I believe I first introduced my interest in SMART goal setting with my Vision Board post. For my Vision Boards, I’ve separated my goals into different categories–relationships, health, finance, career, etc. (For more on the overall principles of SMART goals, see this article.)
I struggled when developing my individual short term and long term goals within each category, especially because the Health, Personal growth, Self-care, and Spirituality categories overlap a lot for me. How can you isolate your emotional health from your physical health? How do I separate emotional and physical self-care? And do I need to?
As with my SMART financial goals, my current health goals already fit into the short-term, mid-term, long-term format.
Short-term goal setting is about the habits I’m forming to reach the goal. Mid-term goal setting is about celebrating the achievements along the way and also about fueling the habits by providing some level of return. Long-term goal setting is the actual goal. Yet, each of these three are SMART goals. For example:
Keep working out 3x a week
Run an official 5k before 30
Get a one-year tracking badge
The SMART approach to goal setting can be incredibly helpful for those failing to meet their ideals in the heath category.
Take weight loss, for example. Some people might begin their goal with “I want to lose weight.”
But how do you want to do it? What’s your time-factor? What’s your ultimate goal? Break down the elements of SMART goal setting to make smart goals.
Specific: This is the part of goal setting where you get real. For example, I want to increase my activity by 30 minutes three times a week and track my caloric intake. Over the long term, I want to lose ten pounds.
Measurable: Ten pounds is measurable. As is working out three times a week for 30 minutes. I don’t think of “measurable” as “knowing when I’m done.” For me, measurable is about creating achievable goal posts to show you’re making strides.
Achievable: In this instance, I proposed generically tracking caloric intake, rather than immediately starting on a super restrictive diet of 1,200 daily calories or fewer. All goals should be customized to what works specifically for you. For me, the first time I eat one too many brownies, I may feel that I’ve failed and can give up on the whole endeavor. We don’t want that. So while “achievable” means not trying to do the impossible–like lose 50 pounds in one week–it also means finding goals that YOU can achieve and not setting yourself up for failure. You know yourself better than anyone. For some, diets like Atkins or Keto or the Whole 30 work. Others find them restrictive and end up rebounding into even unhealthier habits.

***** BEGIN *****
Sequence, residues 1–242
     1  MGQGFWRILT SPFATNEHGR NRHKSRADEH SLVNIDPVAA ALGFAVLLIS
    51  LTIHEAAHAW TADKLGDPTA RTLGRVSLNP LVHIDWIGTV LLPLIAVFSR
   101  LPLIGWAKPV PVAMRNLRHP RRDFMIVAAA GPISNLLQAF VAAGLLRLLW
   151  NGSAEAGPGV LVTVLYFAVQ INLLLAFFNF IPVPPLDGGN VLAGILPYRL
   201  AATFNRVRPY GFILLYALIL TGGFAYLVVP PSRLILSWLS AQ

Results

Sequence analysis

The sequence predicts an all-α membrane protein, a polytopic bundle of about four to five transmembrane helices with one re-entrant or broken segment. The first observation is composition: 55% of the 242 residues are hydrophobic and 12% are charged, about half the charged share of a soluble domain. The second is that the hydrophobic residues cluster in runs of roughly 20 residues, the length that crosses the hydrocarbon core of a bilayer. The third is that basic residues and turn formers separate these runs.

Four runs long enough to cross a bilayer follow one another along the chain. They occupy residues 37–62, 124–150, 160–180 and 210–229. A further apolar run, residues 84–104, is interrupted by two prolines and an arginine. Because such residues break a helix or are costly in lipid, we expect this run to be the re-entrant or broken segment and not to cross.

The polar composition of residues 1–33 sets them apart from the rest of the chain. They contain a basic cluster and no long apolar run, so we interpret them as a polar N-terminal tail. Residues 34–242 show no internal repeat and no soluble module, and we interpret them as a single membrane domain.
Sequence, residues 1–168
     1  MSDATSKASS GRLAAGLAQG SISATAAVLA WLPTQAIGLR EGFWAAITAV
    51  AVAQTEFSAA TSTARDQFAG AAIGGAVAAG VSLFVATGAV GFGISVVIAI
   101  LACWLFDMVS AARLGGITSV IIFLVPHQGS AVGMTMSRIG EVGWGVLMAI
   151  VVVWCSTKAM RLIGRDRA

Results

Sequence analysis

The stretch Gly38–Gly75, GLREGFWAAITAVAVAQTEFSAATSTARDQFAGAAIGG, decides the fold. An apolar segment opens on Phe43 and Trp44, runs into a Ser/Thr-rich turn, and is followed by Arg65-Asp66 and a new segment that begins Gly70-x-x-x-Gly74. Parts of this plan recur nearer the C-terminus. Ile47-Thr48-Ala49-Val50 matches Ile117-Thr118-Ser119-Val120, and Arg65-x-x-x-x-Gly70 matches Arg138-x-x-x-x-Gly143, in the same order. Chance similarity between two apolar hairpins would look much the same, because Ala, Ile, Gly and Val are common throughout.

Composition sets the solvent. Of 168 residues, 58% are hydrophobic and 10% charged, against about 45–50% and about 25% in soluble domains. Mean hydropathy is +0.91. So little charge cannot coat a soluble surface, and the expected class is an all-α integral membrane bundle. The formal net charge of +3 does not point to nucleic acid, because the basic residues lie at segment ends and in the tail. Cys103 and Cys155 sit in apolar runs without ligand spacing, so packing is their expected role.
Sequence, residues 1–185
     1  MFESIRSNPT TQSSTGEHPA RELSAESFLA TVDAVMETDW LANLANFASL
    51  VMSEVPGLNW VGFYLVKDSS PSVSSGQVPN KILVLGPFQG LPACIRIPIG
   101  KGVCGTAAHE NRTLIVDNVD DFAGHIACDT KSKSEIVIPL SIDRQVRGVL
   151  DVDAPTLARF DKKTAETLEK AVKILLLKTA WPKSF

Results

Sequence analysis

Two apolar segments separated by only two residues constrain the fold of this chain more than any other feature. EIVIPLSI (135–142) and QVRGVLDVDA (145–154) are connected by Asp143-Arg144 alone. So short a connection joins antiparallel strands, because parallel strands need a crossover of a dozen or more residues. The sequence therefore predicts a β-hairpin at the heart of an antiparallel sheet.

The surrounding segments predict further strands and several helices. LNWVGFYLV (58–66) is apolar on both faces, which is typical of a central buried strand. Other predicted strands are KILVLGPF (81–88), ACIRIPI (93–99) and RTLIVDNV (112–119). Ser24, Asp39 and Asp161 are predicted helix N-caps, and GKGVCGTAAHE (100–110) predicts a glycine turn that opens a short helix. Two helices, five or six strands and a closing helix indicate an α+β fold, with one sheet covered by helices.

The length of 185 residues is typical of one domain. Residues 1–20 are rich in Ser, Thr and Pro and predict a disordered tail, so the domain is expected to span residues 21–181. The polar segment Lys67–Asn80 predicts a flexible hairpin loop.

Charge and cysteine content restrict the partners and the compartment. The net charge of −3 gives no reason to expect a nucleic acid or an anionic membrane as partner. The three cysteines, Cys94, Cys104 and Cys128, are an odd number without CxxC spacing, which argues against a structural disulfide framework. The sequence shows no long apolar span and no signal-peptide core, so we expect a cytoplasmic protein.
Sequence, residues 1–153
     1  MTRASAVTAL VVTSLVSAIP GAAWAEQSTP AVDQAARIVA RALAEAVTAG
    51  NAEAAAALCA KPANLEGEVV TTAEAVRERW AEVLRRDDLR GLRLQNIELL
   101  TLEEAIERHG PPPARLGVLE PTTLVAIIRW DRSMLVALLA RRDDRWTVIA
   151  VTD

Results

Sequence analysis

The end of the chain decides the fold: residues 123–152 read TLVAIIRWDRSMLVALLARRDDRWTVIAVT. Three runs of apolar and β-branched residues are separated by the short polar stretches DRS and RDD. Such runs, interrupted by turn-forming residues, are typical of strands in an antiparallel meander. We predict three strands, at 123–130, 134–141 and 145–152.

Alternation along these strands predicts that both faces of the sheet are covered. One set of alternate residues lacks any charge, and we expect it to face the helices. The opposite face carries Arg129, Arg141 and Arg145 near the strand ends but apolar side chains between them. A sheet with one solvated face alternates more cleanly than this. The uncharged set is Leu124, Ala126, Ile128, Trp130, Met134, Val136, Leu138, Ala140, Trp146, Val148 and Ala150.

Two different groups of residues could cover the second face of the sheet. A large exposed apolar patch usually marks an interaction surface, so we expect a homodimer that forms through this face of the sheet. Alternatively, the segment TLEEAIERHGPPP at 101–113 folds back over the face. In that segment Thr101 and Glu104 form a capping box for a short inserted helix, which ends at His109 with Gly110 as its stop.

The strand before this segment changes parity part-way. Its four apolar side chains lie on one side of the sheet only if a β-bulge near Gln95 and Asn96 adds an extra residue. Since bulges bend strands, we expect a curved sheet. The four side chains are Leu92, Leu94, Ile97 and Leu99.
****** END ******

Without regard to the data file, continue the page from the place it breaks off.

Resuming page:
Relevant: Are the elements of your goals relevant to your overall aim? If your overall aim is to lose weight, exercise and calorie tracking is the strategy to achieve it. But if your ultimate goal is to become strong enough that you can carry more boxes next time you move, then you’ll need to throw in some weight lifting.
Timely: Goals should have end dates. This is more difficult with physical health goals. I don’t like looking to straight weight lose for timely goals. The “I want to lose 10 pounds in four weeks” mentality has always resulted in unhealthy, disordered eating for me. But imagine a non-scale victory (NSV). In two months, I want to walk up five flights of stairs without being short of breath. By summer, I want to feel great in my favorite sundress.
Are you using SMART goal setting in your life? Have you found it useful in achieving your health goals?